Transgender Veteran Advocates and Pols Blast Trump’s ‘Atrocious’ Military Ban

Elected officials said the ban is an affront to equal rights for all Americans

Jennifer Louise Lopez, a transgender veteran, at a rally in Times Square against President Trump’s military ban. Madina Toure/Observer

Transgender veteran advocates and New York’s top elected officials and leaders blasted President Donald Trump’s decision to ban transgender individuals from the military after he announced the policy change on social media.

The president took to Twitter this morning to announce that the federal government will not accept or allow transgender individuals to “serve in any capacity in the U.S. Military” after consulting with his generals and military experts.

“Our military must be focused on decisive and overwhelming victory and cannot be burdened with the tremendous medical costs and disruption that transgender in the military would entail,” Trump wrote on Twitter.

Jennifer Louise Lopez, a transgender veteran who served in the U.S. Navy in 1999 and founder of Everything Transgender in NYC, said that nearly 20 years later, “we’re still dealing with the same issues that I had to deal with.”

“I had to hide in men’s clothes,” Lopez said at a rally in Times Square against the ban. “I had to hide with the men. I could not be who I was and am. This is atrocious. There are transgender people that are wonderful, that would go fight for us and now this guy in office is gonna kick all of them out? We need to stop this.”

When the rally—hosted by Equality NY at the U.S. Army Career Center—concluded, Lopez led others to chant, “We’re here, we’re trans, we’re fabulous, don’t fuck with us!” multiple times.

Sue Bolton, a graduate of West Point, a preparatory school for the U.S. military and a member of LGBT military organization SPARTA, said she is speaking on behalf of transgender service members who could not participate in the rally because a few were telling their stories to the media but noted that “most of them are doing their jobs.” She stressed that they are not fearful.

“They woke up this morning and they saw a tweet from their commander-in-chief,” Bolton said. “I will tell you this because I’ve talked to them: they were alarmed, they were concerned but they are not afraid.”

Kristen Rouse, president and founding director of the New York City Veterans, discussed her experience under the “Don’t Ask, Don’t Tell policy” signed by former President Bill Clinton in 1993 directing military personnel not to discuss their sexual orientation.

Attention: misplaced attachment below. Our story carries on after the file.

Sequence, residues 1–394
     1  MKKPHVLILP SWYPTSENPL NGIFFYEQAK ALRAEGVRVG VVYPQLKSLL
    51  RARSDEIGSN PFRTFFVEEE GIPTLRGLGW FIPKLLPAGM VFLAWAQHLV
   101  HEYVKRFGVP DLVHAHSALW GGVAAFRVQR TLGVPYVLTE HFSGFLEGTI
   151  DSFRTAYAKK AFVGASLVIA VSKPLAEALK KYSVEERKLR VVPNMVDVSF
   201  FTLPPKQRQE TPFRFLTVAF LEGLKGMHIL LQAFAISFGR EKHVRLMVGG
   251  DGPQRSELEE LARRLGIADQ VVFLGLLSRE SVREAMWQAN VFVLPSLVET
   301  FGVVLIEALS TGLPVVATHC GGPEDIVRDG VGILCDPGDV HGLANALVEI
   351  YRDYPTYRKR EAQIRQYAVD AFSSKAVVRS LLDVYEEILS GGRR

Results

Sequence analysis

“I served in the U.S. Army for 13 years,” Rouse said. “Seventeen years of my service were under ‘Don’t Ask, Don’t Tell.’ Men and women, veterans, advocates, members of communities, journalists, political officials stood up and spoke for me when I was serving in silence.”

Earlier today, Mayor Bill de Blasio told reporters at an unrelated press conference in Long Island City asserted that the vast majority of Americans are tolerant and inclusive and said that the ban is Trump’s “playbook going back to the 1980s.”

“He has always loved to divide people,” de Blasio said. “He’s always loved to put people down, and he just keeps doing it but you know what? He’s out of sync with the American people. No, I don’t think they care. I think they admire anyone who’s willing to put on a uniform and serve their country.”

Gov. Andrew Cuomo  said valor “knows no race, no creed, no gender and no sexual identity.”

“Nearly 70 years ago today, President Truman signed an executive order to desegregate the military of the United States — a major step forward for equality in our society,” Cuomo said. “In stark contrast, the Trump Administration’s directive barring transgender members of the military is wrong, intolerant and a giant slide backwards in the fight for equal rights.”

Last year, former President Barack Obama announced that transgender people would be allowed to openly serve in the military. Trump’s move reverses that policy.

Sen. Kirsten Gillibrand, for her part, said the decision is “harmful and misguided” and that it weakens the military, vowing to “do everything in my power to fight it.”

“There are transgender service members who put on uniform and showed up to their military duties this morning, only to be told—on Twitter, no less—that their commander in chief doesn’t want them in ‘any capacity,'” Gillibrand wrote on her Facebook page. It is beyond insulting to the service of those willing to die for this country.”

Queens Councilman Jimmy Van Bramer, one of seven openly LGBT Council members, said that his husband enrolled in the U.S. Navy when he was a teenager and was removed from the military on the suspicion that he was gay—before he was “even out of the closet” and before his parents even knew that he was gay, despite the fact that he was “honorably serving our country overseas in a very sensitive position.”

“We have left that time behind and now appreciate the courage and the willingness of every American to serve our country and even risk their life for our country,” Van Bramer said. “This president is a bully. This president is using his presidency to take the most vulnerable among us and separate them from us and deny them their heroism and their courage when they want to serve our country.”

 

Former City Council Speaker Christine Quinn, a 2013 mayoral candidate and the first openly gay speaker, said that transgender military personnel “have demonstrated ten times over more valor and courage than our president ever has.”

“I find the President’s statement particularly offensive because it comes from a man who never served a day in his life and as a privileged youth sought and received a deferment from compulsory service, while low-income and middle class kids went to war and gave their lives,” Quinn said.

Transgender Veteran Advocates and Pols Blast Trump’s ‘Atrocious’ Military Ban